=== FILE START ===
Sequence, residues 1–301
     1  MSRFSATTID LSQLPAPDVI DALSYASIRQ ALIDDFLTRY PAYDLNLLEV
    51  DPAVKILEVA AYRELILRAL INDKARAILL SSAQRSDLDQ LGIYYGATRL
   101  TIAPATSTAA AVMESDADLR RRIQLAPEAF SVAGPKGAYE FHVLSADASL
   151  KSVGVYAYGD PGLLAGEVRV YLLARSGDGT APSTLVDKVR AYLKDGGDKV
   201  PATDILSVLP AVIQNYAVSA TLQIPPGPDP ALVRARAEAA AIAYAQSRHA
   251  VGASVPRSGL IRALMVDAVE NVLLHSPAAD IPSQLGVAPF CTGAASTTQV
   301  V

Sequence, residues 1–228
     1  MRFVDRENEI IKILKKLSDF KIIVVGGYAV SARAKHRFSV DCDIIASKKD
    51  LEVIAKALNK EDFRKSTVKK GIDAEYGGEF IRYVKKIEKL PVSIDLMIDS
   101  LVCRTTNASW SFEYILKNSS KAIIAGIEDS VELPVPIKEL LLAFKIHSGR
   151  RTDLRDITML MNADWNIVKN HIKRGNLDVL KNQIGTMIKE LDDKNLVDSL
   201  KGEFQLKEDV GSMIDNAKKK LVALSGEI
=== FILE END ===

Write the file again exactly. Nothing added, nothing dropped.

Sequence, residues 1–301
     1  MSRFSATTID LSQLPAPDVI DALSYASIRQ ALIDDFLTRY PAYDLNLLEV
    51  DPAVKILEVA AYRELILRAL INDKARAILL SSAQRSDLDQ LGIYYGATRL
   101  TIAPATSTAA AVMESDADLR RRIQLAPEAF SVAGPKGAYE FHVLSADASL
   151  KSVGVYAYGD PGLLAGEVRV YLLARSGDGT APSTLVDKVR AYLKDGGDKV
   201  PATDILSVLP AVIQNYAVSA TLQIPPGPDP ALVRARAEAA AIAYAQSRHA
   251  VGASVPRSGL IRALMVDAVE NVLLHSPAAD IPSQLGVAPF CTGAASTTQV
   301  V

Sequence, residues 1–228
     1  MRFVDRENEI IKILKKLSDF KIIVVGGYAV SARAKHRFSV DCDIIASKKD
    51  LEVIAKALNK EDFRKSTVKK GIDAEYGGEF IRYVKKIEKL PVSIDLMIDS
   101  LVCRTTNASW SFEYILKNSS KAIIAGIEDS VELPVPIKEL LLAFKIHSGR
   151  RTDLRDITML MNADWNIVKN HIKRGNLDVL KNQIGTMIKE LDDKNLVDSL
   201  KGEFQLKEDV GSMIDNAKKK LVALSGEI